You may know that I’ve been great friends for a long time with a guy called Andy Shaw. Yes, he’s the one in the Hawaiian shirt most often to be found in the pictures when I’m having the very best time in locations around the world. He’s possibly the most clever person I know (and I know a lot of clever people). His spreadsheets are legendary.
A multiple best-selling author, successful property investor and mindset expert, he’s just started to share his thoughts about what’s really going on in the world on Substack. The articles are going down very well and provoking lots of people to ask questions and comment.
I was never taught ‘how to think’ and I had to resort to buying books to help me figure out what I was never taught at school or home! Books like “How To Make Good Decisions”, “How To Become A Woman Of Substance” or “How To Love A Difficult Man”. I kid you not!
So I wanted to share the first in this excellent five-part series, so that my followers can get the benefit of Andy’s great practical tools about how to weigh up any incoming information, discern what impact that information could have on you, your family and your life and be able to take the appropriate action.
Over to Andy…
“Are you good at seeing the most likely ramifications of actions?
We all think we are. However, given what a lot of us (but nowhere near most of us) have witnessed in the last 21 months, the vast majority of people have shown they are really, really bad at it.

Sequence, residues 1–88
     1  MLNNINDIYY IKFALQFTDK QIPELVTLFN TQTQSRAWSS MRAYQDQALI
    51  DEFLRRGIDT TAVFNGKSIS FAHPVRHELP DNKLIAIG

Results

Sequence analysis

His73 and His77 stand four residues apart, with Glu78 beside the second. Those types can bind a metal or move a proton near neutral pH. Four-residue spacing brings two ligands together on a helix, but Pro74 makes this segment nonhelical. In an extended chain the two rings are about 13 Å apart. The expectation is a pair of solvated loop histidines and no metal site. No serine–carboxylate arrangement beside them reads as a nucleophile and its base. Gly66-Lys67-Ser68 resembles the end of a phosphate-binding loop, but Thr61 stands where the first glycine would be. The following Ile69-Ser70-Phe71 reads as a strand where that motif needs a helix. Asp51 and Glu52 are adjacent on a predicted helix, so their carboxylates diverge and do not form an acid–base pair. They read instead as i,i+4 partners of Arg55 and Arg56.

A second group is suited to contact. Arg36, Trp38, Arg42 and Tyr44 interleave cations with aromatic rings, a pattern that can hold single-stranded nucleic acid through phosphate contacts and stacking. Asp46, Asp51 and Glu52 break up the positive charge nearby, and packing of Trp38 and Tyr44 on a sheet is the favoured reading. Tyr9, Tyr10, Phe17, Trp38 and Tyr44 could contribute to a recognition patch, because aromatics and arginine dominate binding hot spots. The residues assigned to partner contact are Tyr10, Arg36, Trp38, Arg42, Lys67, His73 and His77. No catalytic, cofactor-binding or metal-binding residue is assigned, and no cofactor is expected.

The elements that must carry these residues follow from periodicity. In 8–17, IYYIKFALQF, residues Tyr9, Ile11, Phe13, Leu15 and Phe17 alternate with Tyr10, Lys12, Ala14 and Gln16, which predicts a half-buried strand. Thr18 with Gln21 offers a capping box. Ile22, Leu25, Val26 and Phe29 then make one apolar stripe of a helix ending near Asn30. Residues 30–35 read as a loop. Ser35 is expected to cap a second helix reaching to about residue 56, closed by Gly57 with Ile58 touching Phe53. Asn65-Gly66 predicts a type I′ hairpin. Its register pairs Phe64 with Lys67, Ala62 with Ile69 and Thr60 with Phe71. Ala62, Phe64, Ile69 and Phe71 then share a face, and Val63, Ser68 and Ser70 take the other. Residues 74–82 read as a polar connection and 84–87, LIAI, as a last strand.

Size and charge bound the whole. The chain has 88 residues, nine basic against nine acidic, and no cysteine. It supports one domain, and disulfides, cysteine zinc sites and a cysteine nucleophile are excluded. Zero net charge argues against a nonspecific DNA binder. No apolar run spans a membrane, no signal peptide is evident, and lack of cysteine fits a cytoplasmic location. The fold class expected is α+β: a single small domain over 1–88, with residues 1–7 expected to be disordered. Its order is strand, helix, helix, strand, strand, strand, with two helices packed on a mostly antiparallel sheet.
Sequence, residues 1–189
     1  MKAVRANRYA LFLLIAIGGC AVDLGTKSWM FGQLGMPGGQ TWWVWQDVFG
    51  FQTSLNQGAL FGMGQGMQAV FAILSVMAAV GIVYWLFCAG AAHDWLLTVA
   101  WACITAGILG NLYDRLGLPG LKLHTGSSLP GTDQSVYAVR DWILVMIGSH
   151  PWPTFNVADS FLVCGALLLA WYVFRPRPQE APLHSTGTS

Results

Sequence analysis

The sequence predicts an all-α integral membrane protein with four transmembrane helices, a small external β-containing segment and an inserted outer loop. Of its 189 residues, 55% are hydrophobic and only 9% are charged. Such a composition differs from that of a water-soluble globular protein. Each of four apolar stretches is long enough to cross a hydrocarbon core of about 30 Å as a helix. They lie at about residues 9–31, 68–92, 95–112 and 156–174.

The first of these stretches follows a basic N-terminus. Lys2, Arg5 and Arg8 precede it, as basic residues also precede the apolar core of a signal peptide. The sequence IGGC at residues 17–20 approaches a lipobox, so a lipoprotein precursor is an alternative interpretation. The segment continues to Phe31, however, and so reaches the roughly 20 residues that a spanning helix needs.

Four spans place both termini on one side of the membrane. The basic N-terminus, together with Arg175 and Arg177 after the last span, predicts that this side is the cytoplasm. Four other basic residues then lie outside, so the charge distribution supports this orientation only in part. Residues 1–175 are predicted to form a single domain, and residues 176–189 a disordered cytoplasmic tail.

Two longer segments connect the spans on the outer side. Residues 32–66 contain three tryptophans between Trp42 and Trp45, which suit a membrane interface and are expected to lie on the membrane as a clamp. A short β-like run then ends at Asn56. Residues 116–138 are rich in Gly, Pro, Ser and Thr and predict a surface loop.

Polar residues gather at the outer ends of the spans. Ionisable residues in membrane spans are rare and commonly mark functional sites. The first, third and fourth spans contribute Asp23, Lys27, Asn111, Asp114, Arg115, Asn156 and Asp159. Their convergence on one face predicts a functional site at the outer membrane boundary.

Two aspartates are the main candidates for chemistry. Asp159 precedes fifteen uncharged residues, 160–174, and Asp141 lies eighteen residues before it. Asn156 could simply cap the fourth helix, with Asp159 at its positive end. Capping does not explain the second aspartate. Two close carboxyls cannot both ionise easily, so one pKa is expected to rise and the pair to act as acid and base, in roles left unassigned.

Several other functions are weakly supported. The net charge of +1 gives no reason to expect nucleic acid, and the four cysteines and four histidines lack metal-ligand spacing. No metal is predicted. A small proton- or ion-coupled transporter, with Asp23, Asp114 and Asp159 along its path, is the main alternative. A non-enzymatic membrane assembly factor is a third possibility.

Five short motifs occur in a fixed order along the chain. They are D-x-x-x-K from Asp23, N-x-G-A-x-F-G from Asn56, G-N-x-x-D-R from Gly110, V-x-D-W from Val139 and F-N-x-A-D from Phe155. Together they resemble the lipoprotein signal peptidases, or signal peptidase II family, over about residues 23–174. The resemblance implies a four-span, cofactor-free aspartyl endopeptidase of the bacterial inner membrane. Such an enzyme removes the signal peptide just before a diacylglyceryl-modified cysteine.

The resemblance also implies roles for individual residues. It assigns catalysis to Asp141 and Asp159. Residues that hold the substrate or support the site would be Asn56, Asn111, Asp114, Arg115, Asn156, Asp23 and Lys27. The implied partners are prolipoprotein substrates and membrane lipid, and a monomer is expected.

The ability to see where something is going means you can position yourself with confidence to profit/benefit in some way when the world catches up to where you saw it going.
So this is one of my favourite skills, but pain is involved with possessing it. One such pain I have to take for it is to be told I am wrong again and again by people who do not discern well… And that I find funny, so not really an issue to me, but it occasionally gets a little frustrating.
In a future article/email I’ll be digging deeper into why not caring what others think is a skill worth mastering…
But in this and the next article, I’m going to talk about the ability to discern well, and how to enhance it.
In March 2020 back at the start of the world’s current mass psychosis event, one of the reasons I decided to do the Rational Thinking Webcast was I saw the world was going the wrong way, and I wanted to ‘get on record’ all the forecasts I was making.
Previously, when a forecast I had made became self-evidently correct, I had gotten fed up of saying, ‘See I told you so’ and receiving the response, ‘No you didn’t say that’, or ‘I said that too’ when they hadn’t said it at all.
To me being right is a matter of skill, of professional pride if you like… And if I am wrong it provides the opportunity to learn and get better at being right.
But to these people who said they were right when they weren’t, they were failing in their ability to think well on multiple levels.